Glue Store to offer real-time retail via Twitter

Australian retailer partners with ShopReply on its ecommerce technology to allow consumers to buy goods over social networks while watching their favourite TV program

Australian retailer, Glue Store, is claiming a digital and social first by allowing consumers to purchase goods showcased on TV in real-time via Twitter.

The new offering is based on ShopReply’s wallet technology and will allow viewers of the Channel 11 The Loop Program to buy clothes worn by the show’s presenters by either tweeting a certain brand handle, or sending a text. Glue Store has partnered with the show to compile a range of clothes and accessories immediately available to ship to viewers.

Glue Store claims it’s the first time globally that Twitter has been used in a transactional capacity on a TV broadcast.

“New delivery vehicles like ShopReply extend our business beyond the reach of just an etail or bricks-and-mortar,” said group marketing director for Glue Store’s parent company Next Athleisure, Prue Thomas.

“The technology means we can capture the intent of a large and engaged audience and enabled them to finalise their transaction in an instant.”

Time-of-day marketing touted as retail’s saviour
Price and social factors key with rising number of mobile retail buyers
Coming to grips with omni-channel retailing

Sydney-based ShopReply (formerly BuyReply) offers what it has labelled a ‘transactional advertising’ platform that allows consumers to buy goods from any medium, including billboards, magazines or a TV commercial, without requiring an app. Instead, the offering is based on customers sending a short code by email, text or Twitter, which triggers a text message reply that they simply click and confirm.

The company was launched in 2012 by entrepreneur, Brad Lindenberg, and raised $1m in funding to kick-start growth in April. Investors include Square Peg Ventures and Valar Ventures, whose lead investor is PayPal co-founder, Peter Thiel.

“We believe that Twitter has the propensity to become a significant ecommerce channel capable of processing enormous transaction volumes by leveraging massive real-time TV audiences who are already tweeting, giving these audiences the ability to transact in real-time when they are emotionally engaged in content,”Linderberg commented.

Linderberg told CMO shoppers who tweet or text to purchase goods are sent a link to a shopping cart, where they can choose options such as size or colour, as well as enter payment details and their delivery address. At the back-end, ShopReply sets up a merchant account and full ecommerce platform for brands wanting to sell goods through its service, which can be integrated with their own payment gateway preferences.

Early successes for ShopReply have largely been in the traditional media space such as magazines and TV, where platforms have not previously been transactional, Linderberg said.

Companies signed up to the ShopReply platform to date include publishing group, Bauer Media, which is using the technology to make its magazines ‘shoppable’. Linderberg said the partnership allows readers to instantly purchase multiple items and brands displayed on the pages of each issue through one checkout facility.

Follow CMO on Twitter: @CMOAustralia, take part in the CMO Australia conversation on LinkedIn: CMO Australia, or join us on Facebook: https://www.facebook.com/CMOAustralia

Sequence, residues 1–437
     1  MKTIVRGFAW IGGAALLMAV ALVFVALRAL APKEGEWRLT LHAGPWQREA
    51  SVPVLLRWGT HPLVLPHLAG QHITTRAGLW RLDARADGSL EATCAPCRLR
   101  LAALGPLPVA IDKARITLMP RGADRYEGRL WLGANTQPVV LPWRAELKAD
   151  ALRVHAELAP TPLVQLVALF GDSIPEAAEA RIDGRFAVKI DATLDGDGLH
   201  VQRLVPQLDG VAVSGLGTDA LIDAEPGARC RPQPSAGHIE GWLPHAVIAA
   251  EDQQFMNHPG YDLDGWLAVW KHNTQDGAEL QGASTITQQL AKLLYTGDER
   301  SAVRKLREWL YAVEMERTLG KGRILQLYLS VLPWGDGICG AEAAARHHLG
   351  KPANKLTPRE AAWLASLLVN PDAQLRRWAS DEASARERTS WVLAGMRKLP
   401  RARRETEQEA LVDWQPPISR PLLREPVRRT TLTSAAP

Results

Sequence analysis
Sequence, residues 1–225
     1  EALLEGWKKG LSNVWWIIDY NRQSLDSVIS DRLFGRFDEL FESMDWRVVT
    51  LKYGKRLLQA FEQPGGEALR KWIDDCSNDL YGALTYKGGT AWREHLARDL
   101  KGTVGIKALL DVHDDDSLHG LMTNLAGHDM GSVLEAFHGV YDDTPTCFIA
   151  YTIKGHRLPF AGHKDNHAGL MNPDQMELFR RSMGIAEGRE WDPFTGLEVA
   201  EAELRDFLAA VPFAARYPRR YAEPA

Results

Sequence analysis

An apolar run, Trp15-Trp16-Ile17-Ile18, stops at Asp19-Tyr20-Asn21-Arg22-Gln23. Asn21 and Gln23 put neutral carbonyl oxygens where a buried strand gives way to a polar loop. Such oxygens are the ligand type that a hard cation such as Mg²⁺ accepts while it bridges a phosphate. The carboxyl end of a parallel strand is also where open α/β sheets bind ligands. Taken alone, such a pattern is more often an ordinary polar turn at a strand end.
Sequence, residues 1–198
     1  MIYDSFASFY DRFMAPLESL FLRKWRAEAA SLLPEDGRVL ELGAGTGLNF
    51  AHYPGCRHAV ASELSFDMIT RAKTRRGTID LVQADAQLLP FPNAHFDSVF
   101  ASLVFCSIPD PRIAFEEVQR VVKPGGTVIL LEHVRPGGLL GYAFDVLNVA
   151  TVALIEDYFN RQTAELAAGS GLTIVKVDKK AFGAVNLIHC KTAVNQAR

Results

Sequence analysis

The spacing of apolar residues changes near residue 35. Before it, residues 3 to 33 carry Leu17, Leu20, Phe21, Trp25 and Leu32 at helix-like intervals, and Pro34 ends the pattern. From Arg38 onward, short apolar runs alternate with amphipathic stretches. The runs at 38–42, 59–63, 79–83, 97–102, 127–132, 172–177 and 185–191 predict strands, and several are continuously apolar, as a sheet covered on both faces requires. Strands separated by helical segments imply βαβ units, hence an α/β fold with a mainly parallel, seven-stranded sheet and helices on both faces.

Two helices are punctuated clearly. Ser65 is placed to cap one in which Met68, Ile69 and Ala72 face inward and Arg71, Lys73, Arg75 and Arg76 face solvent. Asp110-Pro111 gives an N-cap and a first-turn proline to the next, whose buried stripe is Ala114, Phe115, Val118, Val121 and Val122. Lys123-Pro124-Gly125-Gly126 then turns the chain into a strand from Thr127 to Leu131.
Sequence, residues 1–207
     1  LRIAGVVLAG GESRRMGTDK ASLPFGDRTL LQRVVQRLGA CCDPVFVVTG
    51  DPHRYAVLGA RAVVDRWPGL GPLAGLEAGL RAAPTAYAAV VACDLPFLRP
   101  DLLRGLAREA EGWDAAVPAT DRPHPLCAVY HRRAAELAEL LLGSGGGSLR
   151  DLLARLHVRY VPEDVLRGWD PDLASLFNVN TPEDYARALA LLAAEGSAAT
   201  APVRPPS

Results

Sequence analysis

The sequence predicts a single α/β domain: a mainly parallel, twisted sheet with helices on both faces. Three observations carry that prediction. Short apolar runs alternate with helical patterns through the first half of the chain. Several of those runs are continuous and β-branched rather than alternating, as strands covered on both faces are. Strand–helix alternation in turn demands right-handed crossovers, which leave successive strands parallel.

Signup to CMO’s new email newsletter to receive your weekly dose of targeted content for the modern marketing chief.

Join the CMO newsletter!

Error: Please check your email address.
Show Comments

Supporting Association

Blog Posts

Why it's time to integrate your website into your digital marketing strategy

As the head of marketing, do small beads of perspiration break out on your forehead when you hear the dreaded phrase: “It’s time to redesign our website?”

The impact of uniforms on consumer brand preferences

Flight attendant uniforms attract attention. From a primary association with sex appeal during the 1960-70s, to the diverse role they perform today, the flight attendant’s uniform sits front and centre in the advertising imagery of many airlines. However, relatively little is known about the ways in which consumer behaviour is influenced by airline uniforms.

Are data and creativity like chalk and cheese?

The industry is experiencing an explosion in data-led initiatives like programmatic buying, as well as a simultaneous increase in the importance of creativity. A less adventurous marketer might see these trends as chalk and cheese, as two developments which have the power to markedly improve a brand’s bottom line, but which don’t have much room for crossover.

When you want to get the most ROI, researching about the tools you need will pay off big time. Take for example your marketing and repor...

TapAnalytics

​How to get the best ROI from your martech investment

Read more

We can see how companies are now developing and improving the digital marketing platform they are using and finding ways to add more feat...

TapAnalytics

CMO's top 10 martech stories for the week - 21 January

Read more

Very nice article, Thanks for sharing this necessary information about digital trends. Specially i like prediction no 3 " Marketers embra...

kevin marshall

Predictions: 16 digital marketing trends for 2016

Read more

Mobile has indeed becoming a big player in the marketing industry. It should be utilized by businesses and mobile campaigns should be pro...

TapAnalytics

Report: Mobile-based campaigns and coupons boost consumer brand sentiment

Read more

Very good points, thanks for this article :) I would also add Virtual Reality to the game changers in 2016 (especially after CES2016). I...

Piotr Maksymowicz

Predictions: 16 digital marketing trends for 2016

Read more

Latest Podcast

More podcasts

Sign in